In the drama, The Glass Menagerie (1945), Tennessee Williams reflects upon personal
experiences he and his family encountered during the Depression of the 1930’s. As a lower class
family, the characters are placed in the slums of St. Louis in 1935. The protagonist, Tom Wingfield,
is the narrator and Williams’ surrogate. Living with his mother and sister, Tom supports them by
working in a shoe manufacturing warehouse. He should feel lucky to have this job; however, he
despises his work and dreams of leaving to become a Merchant Marine. Unhappy with what life has
dealt him, Tom strives for adventure and longs to turn his back on his responsibilities. His mother,

Amanda Wingfield, abandoned by her husband almost sixteen years ago, tries to keep her family
together through tough times. Although her love and hopes for her children are sincere, her
overbearing and outspoken nature often hurts them. Laura, Tom’s sister, suffers from neuroses.

She has trouble separating fantasy from reality. Without the ability to function in the outside world,

Laura becomes a liability to both Tom and Amanda. The gentleman caller, Jim O’Connor, is a
friend of Tom’s from the warehouse. He is an ambitious young man, who strives for the American

Dream through hard work and optimism. Jim offers the Wingfields hope for the future:

Tom: He is the most realistic character in the play, being an emissary from a
world of reality that we were somehow set apart from. But since I have a
poet’s weakness for symbols, I am using this character also as a symbol; he is the long-
delayed but always expected something that we live for (23).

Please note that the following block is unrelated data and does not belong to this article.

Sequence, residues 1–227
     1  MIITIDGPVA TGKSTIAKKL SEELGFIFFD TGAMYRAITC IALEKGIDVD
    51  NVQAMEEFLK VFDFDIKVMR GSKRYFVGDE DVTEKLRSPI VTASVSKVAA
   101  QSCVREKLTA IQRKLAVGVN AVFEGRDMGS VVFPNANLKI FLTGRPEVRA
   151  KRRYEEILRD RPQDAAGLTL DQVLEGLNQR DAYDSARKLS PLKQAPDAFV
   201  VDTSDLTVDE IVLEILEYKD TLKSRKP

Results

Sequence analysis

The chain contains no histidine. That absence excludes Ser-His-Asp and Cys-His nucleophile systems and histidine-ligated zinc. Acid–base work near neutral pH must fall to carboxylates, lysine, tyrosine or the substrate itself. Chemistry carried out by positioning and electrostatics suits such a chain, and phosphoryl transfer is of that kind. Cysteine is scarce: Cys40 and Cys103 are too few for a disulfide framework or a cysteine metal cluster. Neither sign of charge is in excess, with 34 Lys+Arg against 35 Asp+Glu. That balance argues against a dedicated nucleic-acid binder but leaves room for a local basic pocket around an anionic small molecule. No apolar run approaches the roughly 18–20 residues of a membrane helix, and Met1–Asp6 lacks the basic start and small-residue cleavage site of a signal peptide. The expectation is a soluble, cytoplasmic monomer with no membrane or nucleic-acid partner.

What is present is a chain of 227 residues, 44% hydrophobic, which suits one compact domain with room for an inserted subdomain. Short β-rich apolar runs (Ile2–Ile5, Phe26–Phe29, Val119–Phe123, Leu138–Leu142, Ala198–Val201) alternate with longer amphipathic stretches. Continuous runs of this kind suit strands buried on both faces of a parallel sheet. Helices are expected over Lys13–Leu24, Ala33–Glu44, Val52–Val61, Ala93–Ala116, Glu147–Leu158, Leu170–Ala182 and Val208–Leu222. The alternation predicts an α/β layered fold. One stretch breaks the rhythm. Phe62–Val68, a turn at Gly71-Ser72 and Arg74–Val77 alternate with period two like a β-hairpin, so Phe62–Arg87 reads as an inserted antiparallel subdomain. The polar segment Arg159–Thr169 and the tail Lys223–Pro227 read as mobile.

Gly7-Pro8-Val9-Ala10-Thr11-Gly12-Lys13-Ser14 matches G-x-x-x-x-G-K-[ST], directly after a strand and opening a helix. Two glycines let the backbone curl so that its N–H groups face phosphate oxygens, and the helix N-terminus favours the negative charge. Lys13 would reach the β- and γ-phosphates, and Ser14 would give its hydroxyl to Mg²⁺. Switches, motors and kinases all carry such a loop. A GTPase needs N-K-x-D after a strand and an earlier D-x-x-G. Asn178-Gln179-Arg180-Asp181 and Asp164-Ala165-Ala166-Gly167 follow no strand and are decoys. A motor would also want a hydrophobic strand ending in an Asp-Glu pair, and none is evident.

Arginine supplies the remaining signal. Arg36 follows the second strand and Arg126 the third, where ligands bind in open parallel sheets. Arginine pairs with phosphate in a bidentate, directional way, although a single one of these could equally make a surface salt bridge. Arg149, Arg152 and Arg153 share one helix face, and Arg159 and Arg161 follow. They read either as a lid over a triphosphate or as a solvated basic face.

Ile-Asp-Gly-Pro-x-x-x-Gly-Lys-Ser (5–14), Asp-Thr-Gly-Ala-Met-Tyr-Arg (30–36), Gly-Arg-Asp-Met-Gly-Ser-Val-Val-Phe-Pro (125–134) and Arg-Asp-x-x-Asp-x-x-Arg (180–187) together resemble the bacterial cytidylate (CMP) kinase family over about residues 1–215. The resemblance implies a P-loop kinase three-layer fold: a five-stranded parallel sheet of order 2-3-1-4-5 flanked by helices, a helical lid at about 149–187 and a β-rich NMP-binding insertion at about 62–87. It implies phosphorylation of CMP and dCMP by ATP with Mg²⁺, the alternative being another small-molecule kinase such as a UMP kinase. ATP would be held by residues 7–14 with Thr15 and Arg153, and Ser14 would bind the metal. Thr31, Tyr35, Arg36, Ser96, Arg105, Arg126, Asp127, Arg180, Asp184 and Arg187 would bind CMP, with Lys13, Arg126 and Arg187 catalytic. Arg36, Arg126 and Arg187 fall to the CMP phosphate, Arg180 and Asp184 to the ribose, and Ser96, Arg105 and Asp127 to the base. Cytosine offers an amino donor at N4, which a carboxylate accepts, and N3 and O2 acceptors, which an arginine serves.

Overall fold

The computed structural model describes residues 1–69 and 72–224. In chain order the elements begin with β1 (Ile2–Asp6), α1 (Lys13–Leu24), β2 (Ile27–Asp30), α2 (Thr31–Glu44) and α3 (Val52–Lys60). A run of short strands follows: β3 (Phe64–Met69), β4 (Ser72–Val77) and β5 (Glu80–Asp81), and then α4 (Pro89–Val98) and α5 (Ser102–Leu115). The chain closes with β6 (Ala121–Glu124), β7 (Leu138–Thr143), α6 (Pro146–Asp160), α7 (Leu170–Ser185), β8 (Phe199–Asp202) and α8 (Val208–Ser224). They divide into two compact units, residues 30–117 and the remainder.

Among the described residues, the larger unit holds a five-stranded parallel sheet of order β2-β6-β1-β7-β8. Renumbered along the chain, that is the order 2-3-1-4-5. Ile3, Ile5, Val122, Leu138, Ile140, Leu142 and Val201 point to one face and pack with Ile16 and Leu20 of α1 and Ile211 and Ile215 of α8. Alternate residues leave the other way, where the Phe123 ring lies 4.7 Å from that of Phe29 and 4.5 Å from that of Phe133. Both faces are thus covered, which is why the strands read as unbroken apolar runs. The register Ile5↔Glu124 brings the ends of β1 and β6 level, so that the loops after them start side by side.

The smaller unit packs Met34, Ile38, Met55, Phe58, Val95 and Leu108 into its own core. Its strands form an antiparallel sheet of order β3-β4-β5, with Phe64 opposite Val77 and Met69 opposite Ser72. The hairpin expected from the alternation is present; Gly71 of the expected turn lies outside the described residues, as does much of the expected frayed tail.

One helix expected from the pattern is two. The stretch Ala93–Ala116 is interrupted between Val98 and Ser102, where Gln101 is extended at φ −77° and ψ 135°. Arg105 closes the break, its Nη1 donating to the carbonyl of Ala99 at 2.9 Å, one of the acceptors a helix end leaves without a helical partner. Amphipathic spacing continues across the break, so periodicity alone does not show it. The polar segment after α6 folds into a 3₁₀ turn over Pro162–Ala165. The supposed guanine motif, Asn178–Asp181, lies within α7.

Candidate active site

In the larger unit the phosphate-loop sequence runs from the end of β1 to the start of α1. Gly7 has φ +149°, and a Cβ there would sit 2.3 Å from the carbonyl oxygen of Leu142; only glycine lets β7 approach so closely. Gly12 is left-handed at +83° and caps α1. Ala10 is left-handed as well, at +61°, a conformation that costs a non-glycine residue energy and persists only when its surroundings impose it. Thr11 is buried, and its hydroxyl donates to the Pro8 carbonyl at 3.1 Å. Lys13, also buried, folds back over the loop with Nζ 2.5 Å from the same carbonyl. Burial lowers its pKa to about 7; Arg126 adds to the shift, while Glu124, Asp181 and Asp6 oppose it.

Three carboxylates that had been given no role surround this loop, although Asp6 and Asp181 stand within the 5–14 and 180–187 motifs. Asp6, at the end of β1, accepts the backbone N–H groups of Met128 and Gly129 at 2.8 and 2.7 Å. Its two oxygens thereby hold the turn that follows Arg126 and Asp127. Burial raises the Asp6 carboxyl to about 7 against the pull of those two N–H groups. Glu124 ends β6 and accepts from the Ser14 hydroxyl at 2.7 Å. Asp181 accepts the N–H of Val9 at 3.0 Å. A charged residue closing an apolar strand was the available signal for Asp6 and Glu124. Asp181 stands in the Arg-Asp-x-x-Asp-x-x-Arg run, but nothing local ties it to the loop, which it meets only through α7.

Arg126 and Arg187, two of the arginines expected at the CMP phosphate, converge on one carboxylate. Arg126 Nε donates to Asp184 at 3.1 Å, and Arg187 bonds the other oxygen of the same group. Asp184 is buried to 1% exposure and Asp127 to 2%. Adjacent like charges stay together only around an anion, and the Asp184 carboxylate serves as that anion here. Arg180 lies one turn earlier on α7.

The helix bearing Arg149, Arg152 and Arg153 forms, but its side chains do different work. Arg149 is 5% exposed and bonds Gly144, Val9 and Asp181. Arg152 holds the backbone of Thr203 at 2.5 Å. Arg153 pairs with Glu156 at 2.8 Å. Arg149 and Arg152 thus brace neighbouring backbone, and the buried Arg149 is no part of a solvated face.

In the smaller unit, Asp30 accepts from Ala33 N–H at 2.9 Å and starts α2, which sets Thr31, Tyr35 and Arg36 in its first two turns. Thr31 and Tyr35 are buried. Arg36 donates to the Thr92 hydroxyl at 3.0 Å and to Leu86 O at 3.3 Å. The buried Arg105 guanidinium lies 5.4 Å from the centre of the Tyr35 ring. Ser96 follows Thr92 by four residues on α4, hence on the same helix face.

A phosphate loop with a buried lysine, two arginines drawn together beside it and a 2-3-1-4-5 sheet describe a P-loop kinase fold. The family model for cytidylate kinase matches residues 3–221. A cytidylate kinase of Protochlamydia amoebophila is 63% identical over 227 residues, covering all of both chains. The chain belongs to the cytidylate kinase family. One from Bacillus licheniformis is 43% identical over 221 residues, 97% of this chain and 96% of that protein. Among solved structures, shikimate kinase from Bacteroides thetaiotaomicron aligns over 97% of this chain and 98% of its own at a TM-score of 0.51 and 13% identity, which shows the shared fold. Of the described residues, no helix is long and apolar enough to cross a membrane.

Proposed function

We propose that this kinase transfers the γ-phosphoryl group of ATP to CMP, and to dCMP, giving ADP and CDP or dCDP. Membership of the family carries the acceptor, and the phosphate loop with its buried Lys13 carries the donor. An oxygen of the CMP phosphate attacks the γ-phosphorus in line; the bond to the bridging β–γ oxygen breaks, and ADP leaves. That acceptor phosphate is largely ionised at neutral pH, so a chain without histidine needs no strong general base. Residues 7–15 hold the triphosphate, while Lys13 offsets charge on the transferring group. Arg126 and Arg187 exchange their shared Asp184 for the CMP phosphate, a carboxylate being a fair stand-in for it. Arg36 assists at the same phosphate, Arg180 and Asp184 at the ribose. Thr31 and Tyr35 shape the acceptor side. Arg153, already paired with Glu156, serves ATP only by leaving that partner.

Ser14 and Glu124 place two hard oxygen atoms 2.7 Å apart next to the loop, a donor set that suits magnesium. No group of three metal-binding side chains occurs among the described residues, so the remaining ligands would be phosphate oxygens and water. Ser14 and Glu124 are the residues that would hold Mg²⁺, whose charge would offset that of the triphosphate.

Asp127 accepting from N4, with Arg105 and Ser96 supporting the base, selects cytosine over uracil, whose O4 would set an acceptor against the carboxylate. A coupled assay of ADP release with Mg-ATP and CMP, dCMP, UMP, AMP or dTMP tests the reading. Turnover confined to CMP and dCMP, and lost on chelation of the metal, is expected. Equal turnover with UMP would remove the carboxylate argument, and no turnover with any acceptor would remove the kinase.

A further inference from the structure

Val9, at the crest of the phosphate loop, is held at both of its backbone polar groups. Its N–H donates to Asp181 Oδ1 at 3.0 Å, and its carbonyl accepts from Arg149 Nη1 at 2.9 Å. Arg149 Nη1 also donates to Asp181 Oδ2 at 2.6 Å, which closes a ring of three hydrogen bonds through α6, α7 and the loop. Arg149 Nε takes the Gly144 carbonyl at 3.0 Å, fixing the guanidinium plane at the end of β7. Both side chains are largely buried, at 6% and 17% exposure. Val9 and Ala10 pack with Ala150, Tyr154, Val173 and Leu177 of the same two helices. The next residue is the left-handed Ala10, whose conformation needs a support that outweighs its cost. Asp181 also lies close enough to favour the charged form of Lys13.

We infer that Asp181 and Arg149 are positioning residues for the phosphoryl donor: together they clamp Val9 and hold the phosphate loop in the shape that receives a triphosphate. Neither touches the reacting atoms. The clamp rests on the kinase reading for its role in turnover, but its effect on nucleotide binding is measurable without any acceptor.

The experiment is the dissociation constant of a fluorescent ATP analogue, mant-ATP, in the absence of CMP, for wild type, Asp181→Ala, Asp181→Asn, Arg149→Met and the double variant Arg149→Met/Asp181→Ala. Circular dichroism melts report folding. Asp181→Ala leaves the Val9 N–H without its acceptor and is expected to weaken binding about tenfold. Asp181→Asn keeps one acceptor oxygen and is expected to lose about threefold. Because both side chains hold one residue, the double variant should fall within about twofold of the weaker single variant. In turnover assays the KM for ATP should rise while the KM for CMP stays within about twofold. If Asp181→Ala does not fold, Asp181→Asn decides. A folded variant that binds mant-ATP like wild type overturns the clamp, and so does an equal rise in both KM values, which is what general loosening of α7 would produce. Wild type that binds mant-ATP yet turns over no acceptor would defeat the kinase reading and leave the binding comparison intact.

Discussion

Williams gives the reader many emblems throughout the play; there are three of them are especially
interesting. The unicorn symbolizes Laura’s uniqueness, the picture of Mr. Wingfield represents his
strong influence on his deserted family, and Malvolio’s coffin trick signifies Tom’s suffocating
lifestyle.

The unicorn is a symbolic representation of ways that Laura is unique or unusual. The first facet
of the unicorn, its horn, refers to ways that Laura is an unusual person, such as in her may escape
mechanisms. Laura’s escape devices include her glass menagerie, listening to records on the

Victrola, and visiting the park and zoo. Laura identifies with her glass menagerie because she has
trouble identifying with the real world, the pieces are small and delicate, just as she is. The Victrola
is a reminder of Mr. Wingfield; Laura often plays records to avoid the present and thinks pleasantly
about the times she had with her father. When Laura stopped going to Rubicam’s Business College,
she would spend many of her days at the zoo or park. She was a nature lover and thought of these
places as very peaceful and beautiful, a sharp contrast to her real life. The fragility of the unicorn, its
second part, recalls Laura’s delicate psychological condition. Laura’s emotional problems caused
many difficulties in her life. While in high school, Laura was very self-conscious about the brace she
had to wear, as evidenced in the following passage:

Laura: I had that brace on my leg -- it clumped so loud!

Jim: I never heard any clumping.

Laura: To me it sounded like -- thunder!

Jim: Well, well, well, I never even noticed.

Laura: And everybody was seated before I came in. I had to walk in front of all those people. My
seat was in the back row. I had to go clumping all the way up the aisle with everyone watching!

Jim: You shouldn’t have been self-conscious.

Laura: I know, but I was (93).

Laura suffered all the way through high school. Unfortunately, she scored poorly on her final
examinations and dropped out of school. After such a failure, her fragile self-esteem dropped from
low to almost non-existent, and she could not face going back. Six years later, with pressure from
her mother, Laura took another stab at education. She enrolled at Rubicam’s Business College.

However, Laura only made it to the first test. As the test began, she vomited on the floor and had to
be carried to the bathroom. Laura never returned to school, and once again her fragile emotions got
the best of her. The transparency of the unicorn, its final facet, represents the fact that Laura’s
problems are easily apparent to anyone who cares to notice